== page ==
The Six (6) Steps in Facilitation

    1. Listening: an  effective  enterprise   facilitator  is  a  good  listener,  almost  like  a   ‘business  psychiatrist’.  Allowing  the   business  person  time  to  fully  articulate.  A  question  might  be  –  ‘can  you   describe  your  market  for  me?’  It  is  all   about  bringing  the  person  to  self realisation.


    1. Questioning: There  may  be  questions   that  need  to  be  asked  of  the  person  to   complete  the  picture.  For  example,  if  the   client’s  issue  is  difficulty  in  reaching  the   market


    1. Brainstorming and idea generation:  it   is  important  for  a  facilitator  to  not  limit   the  range  of  problem  solving  options   available  to  a  client.  Both  client  and   facilitator  will  have  ideas  that  could  be   tried.  There  are  ideas  and  potential   solutions  to  a  problem  that  may  have   never  occurred  to  either  you  or  the  client.   The  words  ‘what  if…’  should  be  often   heard  in  a  conversation  between  an   enterprise  facilitator  and  a  client.  ‘What  if   we  looked  at  the  market  differently?  What   if  you  targeted  a  different  segment  of  the   market?  What  if  you  changed  the  way  you   are  promoting  the  product?’


    1. Business planning: the  process  of   building  a  business  plan  is  very  useful.   Business  planning  never  stops  and  a   business  plan  is  always  ‘work-in progress’.  What  is  valuable  is  to   continuously  work  at  it,  update  it,   improve  it.  An  effective  business   facilitator  will  endeavour  to  get  the  business  enterprise  owner  to  think  about   their  business  plan  and  how  the  current   problem  fits  into  the  plan.  The  adage   ‘working  on  the  business’  not  ‘working  in   the  business’  is  relevant  here.  You  as  their   facilitator  should  help  them  do  this.  If   there  is  no  business  plan  under  way  then   you  should  endeavour  to  get  them  to  start   to  build  one.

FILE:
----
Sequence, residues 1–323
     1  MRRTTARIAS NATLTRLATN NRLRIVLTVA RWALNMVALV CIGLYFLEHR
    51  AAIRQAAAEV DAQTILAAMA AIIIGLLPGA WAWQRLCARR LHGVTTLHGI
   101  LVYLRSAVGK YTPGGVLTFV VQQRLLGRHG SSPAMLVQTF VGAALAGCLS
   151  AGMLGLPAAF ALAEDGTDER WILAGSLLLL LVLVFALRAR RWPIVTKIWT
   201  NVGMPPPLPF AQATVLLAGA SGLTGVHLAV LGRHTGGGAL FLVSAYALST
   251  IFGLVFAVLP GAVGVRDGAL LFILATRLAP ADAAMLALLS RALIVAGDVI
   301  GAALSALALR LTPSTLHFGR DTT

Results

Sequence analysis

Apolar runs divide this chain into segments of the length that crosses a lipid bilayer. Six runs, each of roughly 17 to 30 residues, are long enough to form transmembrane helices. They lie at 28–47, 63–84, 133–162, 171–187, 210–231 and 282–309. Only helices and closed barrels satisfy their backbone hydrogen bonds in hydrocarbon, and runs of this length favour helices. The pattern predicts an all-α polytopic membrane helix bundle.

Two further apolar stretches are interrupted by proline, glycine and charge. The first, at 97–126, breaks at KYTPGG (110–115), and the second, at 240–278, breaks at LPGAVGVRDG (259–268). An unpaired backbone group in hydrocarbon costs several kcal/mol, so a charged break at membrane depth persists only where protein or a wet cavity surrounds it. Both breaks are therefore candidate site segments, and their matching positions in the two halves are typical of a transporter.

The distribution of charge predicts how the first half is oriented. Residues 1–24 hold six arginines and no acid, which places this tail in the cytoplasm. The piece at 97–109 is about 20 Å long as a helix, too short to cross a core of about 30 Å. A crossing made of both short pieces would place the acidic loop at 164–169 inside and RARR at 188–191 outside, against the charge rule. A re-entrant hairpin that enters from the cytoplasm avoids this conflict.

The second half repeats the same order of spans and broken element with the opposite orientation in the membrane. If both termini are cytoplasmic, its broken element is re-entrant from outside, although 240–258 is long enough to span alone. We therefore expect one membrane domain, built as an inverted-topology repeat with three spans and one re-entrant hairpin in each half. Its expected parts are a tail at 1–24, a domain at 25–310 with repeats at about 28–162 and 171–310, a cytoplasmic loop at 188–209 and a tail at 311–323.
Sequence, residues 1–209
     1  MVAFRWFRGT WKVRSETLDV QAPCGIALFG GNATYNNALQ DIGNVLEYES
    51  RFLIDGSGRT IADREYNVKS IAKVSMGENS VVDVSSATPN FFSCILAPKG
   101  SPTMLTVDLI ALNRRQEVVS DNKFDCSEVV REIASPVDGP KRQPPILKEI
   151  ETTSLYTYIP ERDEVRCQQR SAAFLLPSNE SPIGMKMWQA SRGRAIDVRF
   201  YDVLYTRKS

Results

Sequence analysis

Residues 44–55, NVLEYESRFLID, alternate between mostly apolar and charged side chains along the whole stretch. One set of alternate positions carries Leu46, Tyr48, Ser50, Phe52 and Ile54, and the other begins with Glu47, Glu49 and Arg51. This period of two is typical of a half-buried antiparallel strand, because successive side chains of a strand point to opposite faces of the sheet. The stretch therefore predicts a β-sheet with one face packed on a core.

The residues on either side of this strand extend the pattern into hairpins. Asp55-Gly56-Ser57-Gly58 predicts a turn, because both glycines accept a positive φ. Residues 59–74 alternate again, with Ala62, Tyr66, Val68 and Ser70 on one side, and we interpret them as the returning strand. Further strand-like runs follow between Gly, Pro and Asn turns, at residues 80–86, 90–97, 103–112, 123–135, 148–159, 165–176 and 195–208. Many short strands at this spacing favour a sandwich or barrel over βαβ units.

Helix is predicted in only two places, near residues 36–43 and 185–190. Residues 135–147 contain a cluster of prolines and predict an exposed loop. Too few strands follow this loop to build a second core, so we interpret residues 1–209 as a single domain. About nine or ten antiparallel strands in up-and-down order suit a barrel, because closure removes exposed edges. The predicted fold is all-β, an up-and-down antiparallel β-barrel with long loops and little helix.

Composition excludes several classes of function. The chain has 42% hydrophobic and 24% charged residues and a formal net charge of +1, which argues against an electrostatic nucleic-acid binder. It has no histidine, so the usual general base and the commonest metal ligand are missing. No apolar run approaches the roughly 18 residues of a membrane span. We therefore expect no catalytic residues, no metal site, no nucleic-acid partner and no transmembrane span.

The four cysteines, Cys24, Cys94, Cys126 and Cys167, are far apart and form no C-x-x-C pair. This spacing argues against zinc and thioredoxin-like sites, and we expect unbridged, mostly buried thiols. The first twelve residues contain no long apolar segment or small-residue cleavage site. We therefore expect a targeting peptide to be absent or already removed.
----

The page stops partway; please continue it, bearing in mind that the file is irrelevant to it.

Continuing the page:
1. Action: he  or  she  came  to  you  to  get  a   resolve  for  their  problem.  You  have   listened,  helped  them  brainstorm  options   and  let  them  see  the  issue  in  the  context  of   their  business  plan.  Now  you  need  to  help   them  take  action.  You  will  have  other   sources  of  information,  contacts  and  networks  and  now  he  or  she  needs  a  plan   of  action.  With  your  help,  the  client  needs   to  set  out  a  series  of  steps  that  can  be   taken  to  try  to  resolve  the  problem  or   address  the  issue.


  1. Reflecting: some  time  later  you  should   contact  the  client  and  check  out  how   things  are  going.  This  would  be   reassuring  for  them  but  also  provide   valuable  feed-back  for  you  on  the  process   you  used  and  the  effectiveness  of  various   actions  taken.  It  will  help  you  improve as a  facilitator  the  issue  or  problem  without   comment  or  interruption  is  crucial.  The   whole  picture  is  important.  Once  the  story   is  told  then  the  facilitator  needs  to  go   back,  ask  questions  and  clarify  any  issues   that  are  unclear.